There are many examples of persistence in nature because persistence is part of survival. But as humans we have choices about persistence that don’t have to do only with survival.
Several years ago I had knee surgery to smooth out a slightly torn meniscus. With physical therapy I managed over time to continue to do long distance running and still run marathons. I’m certainly slower than I was prior to the surgery; but I’ll keep on running if I can because I love it. With age, injury, and wear and tear, it’s inevitable that the human body slows down, breaks down.
One thing I love about writing is that barring any major physical or mental impairments, you can keep improving forever.
My recipe for improvement has one simple ingredient: Persistence.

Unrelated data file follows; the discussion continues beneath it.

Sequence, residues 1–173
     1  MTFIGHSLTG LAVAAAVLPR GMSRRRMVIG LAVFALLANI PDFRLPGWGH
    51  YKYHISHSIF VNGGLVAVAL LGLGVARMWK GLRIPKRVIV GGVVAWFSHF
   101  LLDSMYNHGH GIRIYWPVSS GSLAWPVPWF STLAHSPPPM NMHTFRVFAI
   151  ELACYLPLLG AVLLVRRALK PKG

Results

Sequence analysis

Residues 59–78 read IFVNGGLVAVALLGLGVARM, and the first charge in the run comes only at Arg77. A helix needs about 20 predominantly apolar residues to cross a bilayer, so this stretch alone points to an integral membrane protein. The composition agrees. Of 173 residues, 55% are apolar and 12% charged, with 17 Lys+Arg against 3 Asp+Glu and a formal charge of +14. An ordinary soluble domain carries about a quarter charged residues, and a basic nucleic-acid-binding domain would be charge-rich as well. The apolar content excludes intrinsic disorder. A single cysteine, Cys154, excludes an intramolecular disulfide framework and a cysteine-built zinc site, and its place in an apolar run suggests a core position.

For me, persistence means:
- Not wasting whatever amount of time I’ve created in my life to write, i.e. showing up.
- And, to paraphrase Laurie Halse Anderson: asking how I can make what I’ve written better instead of looking at it and saying this is pretty good.
- Even after I’ve done many revisions, be willing to do more. (In other words, keep applying point number two from above.)
I’ve heard a couple of successful writers proclaim the following myth: if you don’t have what it takes to write, i.e. talent, you never will. Quit wasting your time.
In contrast, James Scott Bell, in his book, Plot and Structure, referred to this as the Big Lie. He spent several years of his life believing the Big Lie before he realized that he could learn how to write fiction. Now, as you probably know, he’s published over twenty books.
Needless to say, I agree with James Scott Bell!
What does persistence look like for you?
Paul Greci is the author of Surviving Bear Island, a 2015 Junior Library Guild Selection and a 2016 Scholastic Reading Club Selection.